What the US, India and the world can learn from King and Gandhi
Martin Luther King, Jr. was born on January 15, 1929, and Mahatma Gandhi died on January 30, 1948.
However, there is a much more indelible connection between these two foremost practitioners of non-violence to advance civil and human rights, than the month of birth and death that they share. That is their connection with one another and the examples they set for those in their homelands and around the world.
Martin Luther King Jr was a disciple of Mahatma Gandhi.
More than 60 years ago in February, 1959, King travelled to India. During that trip he told a group of reporters, “To other countries I may go as a tourist, but to India I come as a pilgrim.” During his visit, he also stated in a radio broadcast, “If this age is to survive it must follow the way of love and non-violence that Gandhi so nobly illustrated in his life.”
It is both tragic and ironic that both of these prominent advocates of non-violence died violently. Gandhi’s life was cut short by an assassin who shot him because of his advocacy for unity and equality between India’s Hindus and Muslims. King’s life was cut short by an assassin who was a supporter of white segregation.
Several years ago, American novelist and civil rights activist, Marian Wright Edelman observed, “A lot of people are waiting for Martin Luther King or Mahatma Gandhi to come back – but they are gone. We are it. It is up to us. It is up to you.”
In 2015, I had the distinct honour of being awarded the Martin Luther King Jr Legacy Award for International Service. At that time, I said, “I agree wholeheartedly with Ms. Edelman’s statement of responsibility to carry on the good work of King and Gandhi. It is up to us. It is up to you. It is up to me.”
I then qualified that by saying,”But I do not agree that these great men are gone. They live on through each of us who are willing to pick up the baton of non-violence and use it as an instrument of peace to make the world a healthier and better place for all.
In these polarised times in the United States, India, and indeed, around the world, Gandhi and King live on through their deeds and words.
Here is counsel from Gandhi that is relevant for the situation in present-day America. “To safeguard democracy the people must have a keen sense of independence, self-respect and their oneness, and should insist upon choosing as their representatives only such persons as are good and true.”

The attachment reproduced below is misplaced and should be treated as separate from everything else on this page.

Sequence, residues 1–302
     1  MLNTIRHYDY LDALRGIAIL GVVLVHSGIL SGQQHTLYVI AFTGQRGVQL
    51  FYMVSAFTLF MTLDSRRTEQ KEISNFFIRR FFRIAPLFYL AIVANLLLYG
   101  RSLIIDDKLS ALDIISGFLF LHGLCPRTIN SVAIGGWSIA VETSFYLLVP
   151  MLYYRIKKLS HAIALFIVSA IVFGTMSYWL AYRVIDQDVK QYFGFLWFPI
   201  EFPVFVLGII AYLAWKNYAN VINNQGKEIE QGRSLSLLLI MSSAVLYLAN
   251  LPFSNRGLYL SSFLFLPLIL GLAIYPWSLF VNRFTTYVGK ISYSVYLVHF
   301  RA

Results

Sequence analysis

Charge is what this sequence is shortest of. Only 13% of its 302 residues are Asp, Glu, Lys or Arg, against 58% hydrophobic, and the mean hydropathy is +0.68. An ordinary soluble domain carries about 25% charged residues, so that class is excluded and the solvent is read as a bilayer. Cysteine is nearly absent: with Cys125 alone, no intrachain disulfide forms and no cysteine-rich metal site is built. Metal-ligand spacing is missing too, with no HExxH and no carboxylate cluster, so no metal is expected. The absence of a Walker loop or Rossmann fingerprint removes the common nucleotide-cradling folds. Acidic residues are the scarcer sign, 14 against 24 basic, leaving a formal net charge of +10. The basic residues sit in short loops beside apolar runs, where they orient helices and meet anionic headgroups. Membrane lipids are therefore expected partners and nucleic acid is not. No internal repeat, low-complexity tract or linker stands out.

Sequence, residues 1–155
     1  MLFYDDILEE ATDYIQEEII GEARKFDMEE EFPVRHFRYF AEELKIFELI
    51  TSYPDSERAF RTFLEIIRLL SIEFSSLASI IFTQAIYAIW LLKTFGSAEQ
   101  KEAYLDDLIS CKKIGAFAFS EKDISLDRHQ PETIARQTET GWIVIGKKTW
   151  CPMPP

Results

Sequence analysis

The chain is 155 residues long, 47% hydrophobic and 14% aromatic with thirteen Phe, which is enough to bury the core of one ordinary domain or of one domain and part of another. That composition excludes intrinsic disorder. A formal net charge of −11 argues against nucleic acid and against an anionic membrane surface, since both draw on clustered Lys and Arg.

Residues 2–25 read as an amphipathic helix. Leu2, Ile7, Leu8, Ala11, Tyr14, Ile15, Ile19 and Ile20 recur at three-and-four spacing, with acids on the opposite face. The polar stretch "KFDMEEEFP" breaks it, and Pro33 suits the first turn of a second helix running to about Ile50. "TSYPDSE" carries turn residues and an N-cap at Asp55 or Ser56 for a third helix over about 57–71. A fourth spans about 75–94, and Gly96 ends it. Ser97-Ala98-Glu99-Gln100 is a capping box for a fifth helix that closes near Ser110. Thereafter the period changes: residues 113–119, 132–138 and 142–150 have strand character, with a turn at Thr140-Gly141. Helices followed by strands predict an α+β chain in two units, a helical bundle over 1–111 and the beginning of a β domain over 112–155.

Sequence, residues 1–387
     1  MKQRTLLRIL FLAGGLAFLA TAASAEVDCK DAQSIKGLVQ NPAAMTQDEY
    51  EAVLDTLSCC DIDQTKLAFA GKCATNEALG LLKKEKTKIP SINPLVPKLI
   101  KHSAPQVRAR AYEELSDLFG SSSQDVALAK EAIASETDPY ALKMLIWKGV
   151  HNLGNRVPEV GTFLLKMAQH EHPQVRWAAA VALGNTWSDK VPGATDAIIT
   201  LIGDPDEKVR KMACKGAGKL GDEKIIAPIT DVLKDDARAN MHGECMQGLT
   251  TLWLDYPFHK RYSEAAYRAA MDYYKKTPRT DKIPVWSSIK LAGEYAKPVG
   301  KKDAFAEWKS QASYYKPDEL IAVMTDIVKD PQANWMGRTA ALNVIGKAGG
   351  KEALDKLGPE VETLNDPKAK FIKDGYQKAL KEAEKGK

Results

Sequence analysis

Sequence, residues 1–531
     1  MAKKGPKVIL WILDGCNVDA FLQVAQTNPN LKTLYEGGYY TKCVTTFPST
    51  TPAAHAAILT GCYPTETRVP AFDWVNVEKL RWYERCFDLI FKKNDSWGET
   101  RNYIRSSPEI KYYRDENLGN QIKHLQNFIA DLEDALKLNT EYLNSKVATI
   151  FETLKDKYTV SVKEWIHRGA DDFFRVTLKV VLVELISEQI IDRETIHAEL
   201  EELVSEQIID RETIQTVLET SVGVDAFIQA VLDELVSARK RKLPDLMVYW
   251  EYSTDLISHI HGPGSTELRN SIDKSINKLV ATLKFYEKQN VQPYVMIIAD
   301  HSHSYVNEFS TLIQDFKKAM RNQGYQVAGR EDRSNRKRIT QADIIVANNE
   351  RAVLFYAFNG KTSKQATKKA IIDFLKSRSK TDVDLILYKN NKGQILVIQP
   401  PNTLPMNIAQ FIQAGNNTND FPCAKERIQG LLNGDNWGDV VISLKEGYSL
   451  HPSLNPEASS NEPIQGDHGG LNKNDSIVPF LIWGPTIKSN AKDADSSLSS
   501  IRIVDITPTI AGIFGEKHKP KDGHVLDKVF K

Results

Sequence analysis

Here is counsel from King that is relevant for the situation in India today. “Injustice anywhere is a threat to justice everywhere. We are caught in an inescapable network of mutuality, tied in a single garment of destiny. Whatever affects one directly, affects all indirectly.”
In his last speech in Memphis, Tennessee, on the day before he was killed on April 4, 1968, Martin Luther King Jr said to a massive crowd, “We’ve got some difficult days ahead. But it really doesn’t matter with me now, because I’ve been to the mountaintop. …. And I’ve looked over. And I’ve seen the Promised Land. I may not get there with you. But I want you to know tonight, that we, as a people, will get to the Promised Land.”
King did not get to the promised land. But he did get to India, where he spent a month learning from Gandhi’s associates, friends and family.
King never met Gandhi but did spend a night in his residence. Now he is united with him above.
In January, 2020, India, the US, and the world, need more peace, love and healing. We need a renewal and a reawakening of our better angels. Those of us who understand this must hear the voices of King and Gandhi and step forward to “walk in the light” and to “be the change”.
Frank F Islam is an entrepreneur, civic leader, and thought leader based in Washington DC.
The views expressed are personal